Camden Yards launched a new era in stadium construction that helped revitalize Mock's love for stadiums (he'd photographed all the ones he visited as a kid). In 1997, he started his own website — baseballparks.com — offering reviews of the ballparks he visited, and he has since written a book and worked on multiple television projects related to the subject. Mock, who moved to Texas in 2000, has been to every major league stadium, including the new
Park in Miami, every
facility and all but four of the facilities where affiliated minor league teams play.
While he's seen the influence of Baltimore's stadium in parks across the country, he believes Camden Yards will survive because of what sets it apart and makes it so closely associated with the city.
"There's very little doubt that Camden Yards has what it takes to survive the way Fenway and Wrigley have," Mock said. Wrigley, the home of the
, turns 98 this year. "You get the same feeling of it being truly a part of — as well as reflection of — the city. As long as there's a commitment to funneling money into the stadium, both for upkeep and to stay fresh with new ideas, it can last."
His one concern for the future of Camden Yards stems, ironically, from what made it unique when it was built: its placement downtown may limit the ability for nearby development that could generate additional revenue. The
have planned to develop a "Ballpark Village" adjacent to the new Busch Stadium. Though the project stagnated during the economic downturn it has still inspired imitators, and several of the new spring training facilities Mock visited recently were situated on large plots of land where restaurants, condos and shops are expected to sprout.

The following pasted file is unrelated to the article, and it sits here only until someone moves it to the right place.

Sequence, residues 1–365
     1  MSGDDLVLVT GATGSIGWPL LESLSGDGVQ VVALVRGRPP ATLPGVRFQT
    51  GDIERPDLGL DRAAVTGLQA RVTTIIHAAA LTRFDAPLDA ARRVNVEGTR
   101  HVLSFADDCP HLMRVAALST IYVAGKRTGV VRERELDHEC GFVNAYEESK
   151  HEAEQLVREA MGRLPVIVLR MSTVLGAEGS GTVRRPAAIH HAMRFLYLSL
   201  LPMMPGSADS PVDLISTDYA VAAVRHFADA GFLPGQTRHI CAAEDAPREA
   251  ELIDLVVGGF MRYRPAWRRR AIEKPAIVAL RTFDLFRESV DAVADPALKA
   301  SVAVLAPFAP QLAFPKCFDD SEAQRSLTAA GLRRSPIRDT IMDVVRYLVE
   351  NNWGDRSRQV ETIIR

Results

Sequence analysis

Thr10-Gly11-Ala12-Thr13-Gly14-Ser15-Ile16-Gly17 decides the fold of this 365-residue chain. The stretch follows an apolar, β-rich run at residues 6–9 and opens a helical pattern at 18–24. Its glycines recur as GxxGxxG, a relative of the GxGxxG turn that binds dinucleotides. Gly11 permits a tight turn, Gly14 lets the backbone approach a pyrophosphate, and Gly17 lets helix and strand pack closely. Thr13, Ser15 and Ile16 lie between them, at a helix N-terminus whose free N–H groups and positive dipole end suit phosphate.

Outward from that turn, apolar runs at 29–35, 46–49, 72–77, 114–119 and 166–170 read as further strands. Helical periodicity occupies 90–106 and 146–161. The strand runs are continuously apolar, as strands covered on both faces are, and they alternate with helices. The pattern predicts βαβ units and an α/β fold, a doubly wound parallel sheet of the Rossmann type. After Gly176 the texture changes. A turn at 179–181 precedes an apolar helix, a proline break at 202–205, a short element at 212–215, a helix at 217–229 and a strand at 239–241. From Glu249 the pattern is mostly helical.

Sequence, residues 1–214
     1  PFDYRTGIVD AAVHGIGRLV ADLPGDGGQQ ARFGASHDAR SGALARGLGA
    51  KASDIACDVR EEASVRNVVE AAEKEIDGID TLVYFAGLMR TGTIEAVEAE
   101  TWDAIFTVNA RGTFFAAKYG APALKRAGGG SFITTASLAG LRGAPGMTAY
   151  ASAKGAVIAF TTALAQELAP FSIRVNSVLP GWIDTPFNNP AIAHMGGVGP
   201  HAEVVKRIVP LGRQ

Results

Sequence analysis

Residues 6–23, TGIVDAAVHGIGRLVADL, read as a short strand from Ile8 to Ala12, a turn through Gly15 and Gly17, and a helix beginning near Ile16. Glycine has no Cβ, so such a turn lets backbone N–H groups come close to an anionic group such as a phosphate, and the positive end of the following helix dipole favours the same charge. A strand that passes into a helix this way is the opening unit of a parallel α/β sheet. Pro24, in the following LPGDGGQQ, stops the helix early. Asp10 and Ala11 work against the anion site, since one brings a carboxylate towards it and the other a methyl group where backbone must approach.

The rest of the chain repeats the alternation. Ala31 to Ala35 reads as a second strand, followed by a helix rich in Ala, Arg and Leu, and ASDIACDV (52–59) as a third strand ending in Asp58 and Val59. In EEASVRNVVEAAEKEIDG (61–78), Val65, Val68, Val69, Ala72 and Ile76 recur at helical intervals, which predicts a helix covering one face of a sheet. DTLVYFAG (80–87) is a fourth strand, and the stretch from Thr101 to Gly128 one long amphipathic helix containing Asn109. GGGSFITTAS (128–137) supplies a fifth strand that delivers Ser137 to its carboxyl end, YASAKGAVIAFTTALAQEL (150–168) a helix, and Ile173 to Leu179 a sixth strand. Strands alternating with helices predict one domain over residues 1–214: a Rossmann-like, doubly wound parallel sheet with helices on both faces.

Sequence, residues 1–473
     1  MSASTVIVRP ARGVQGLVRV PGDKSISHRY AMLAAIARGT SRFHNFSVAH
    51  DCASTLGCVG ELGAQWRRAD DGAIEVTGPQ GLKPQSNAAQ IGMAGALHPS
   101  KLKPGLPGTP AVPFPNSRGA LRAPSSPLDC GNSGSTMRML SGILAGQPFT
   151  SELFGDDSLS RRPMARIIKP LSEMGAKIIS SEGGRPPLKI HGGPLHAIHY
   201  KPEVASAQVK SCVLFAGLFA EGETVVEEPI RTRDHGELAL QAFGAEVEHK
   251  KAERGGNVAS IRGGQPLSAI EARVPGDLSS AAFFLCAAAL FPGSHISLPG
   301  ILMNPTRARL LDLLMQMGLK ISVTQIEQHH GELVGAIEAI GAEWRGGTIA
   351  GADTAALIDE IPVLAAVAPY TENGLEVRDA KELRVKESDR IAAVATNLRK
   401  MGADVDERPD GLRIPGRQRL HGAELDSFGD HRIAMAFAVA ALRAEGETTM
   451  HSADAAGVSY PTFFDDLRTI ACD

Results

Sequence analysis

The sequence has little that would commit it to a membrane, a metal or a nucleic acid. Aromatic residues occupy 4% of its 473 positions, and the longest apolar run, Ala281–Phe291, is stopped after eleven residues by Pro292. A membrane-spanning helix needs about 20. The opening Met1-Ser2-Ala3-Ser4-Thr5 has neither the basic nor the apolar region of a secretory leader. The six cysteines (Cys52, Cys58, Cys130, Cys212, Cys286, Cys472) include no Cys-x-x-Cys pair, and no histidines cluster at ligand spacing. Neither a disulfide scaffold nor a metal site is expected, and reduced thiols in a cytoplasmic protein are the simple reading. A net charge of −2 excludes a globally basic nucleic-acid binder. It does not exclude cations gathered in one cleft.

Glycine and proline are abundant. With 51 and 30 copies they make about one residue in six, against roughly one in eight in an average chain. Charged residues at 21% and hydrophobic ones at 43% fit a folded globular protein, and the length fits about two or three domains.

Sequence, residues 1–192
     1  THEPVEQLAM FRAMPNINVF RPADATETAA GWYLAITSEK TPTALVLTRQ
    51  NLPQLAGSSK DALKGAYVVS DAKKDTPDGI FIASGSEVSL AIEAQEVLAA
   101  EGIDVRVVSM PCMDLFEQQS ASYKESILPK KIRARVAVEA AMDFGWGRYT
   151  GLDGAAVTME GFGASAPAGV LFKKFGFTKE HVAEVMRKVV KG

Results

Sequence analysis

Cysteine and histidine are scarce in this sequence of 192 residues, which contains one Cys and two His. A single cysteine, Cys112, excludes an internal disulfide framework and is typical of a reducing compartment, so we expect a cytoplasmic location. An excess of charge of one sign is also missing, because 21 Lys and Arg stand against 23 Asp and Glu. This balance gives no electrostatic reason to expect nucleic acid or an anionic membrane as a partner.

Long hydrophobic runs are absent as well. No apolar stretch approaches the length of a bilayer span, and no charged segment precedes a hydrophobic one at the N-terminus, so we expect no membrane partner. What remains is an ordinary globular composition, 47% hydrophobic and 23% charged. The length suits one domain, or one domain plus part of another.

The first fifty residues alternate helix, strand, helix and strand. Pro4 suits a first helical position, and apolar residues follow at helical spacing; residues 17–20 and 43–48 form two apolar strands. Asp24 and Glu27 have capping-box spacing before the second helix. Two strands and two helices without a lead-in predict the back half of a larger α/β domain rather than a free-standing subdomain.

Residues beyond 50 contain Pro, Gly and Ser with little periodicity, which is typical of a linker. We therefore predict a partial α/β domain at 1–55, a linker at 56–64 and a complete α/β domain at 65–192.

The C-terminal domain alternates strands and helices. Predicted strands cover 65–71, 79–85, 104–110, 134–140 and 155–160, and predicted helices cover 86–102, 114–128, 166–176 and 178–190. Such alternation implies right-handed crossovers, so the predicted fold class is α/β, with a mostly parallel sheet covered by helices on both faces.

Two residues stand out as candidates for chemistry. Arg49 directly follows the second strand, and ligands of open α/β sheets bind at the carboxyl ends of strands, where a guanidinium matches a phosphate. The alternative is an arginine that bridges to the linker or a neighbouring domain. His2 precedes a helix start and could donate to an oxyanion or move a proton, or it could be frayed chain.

"One of the reasons Camden Yards changed baseball architecture forever is that it showed that the park itself can generate revenue," Mock said. "Before, owners made a little bit of money on programs and souvenirs and food. But this showed that it could really drive the experience for fans and return some money. And now owners are taking that a bit further with real estate nearby."
Said Rosentraub: "Most teams see themselves in the real estate business now, and with Camden Yards being in the corner it's in, you have to ask how much more opportunity there is."
, head of the Greater Baltimore Committee, said he believes there is ample area for development nearby and pointed to a proposed new arena — which the GBC is pushing — and the possibility of a casino being built a few blocks away.
"You really have an area that represents the spine of the city," he said. "That's going to be this vibrant, totally thriving area around the ballpark and it's going to make a lot of money."
Smith remembers community meetings in the late 1980s when concerned citizens railed against the very idea of a new stadium;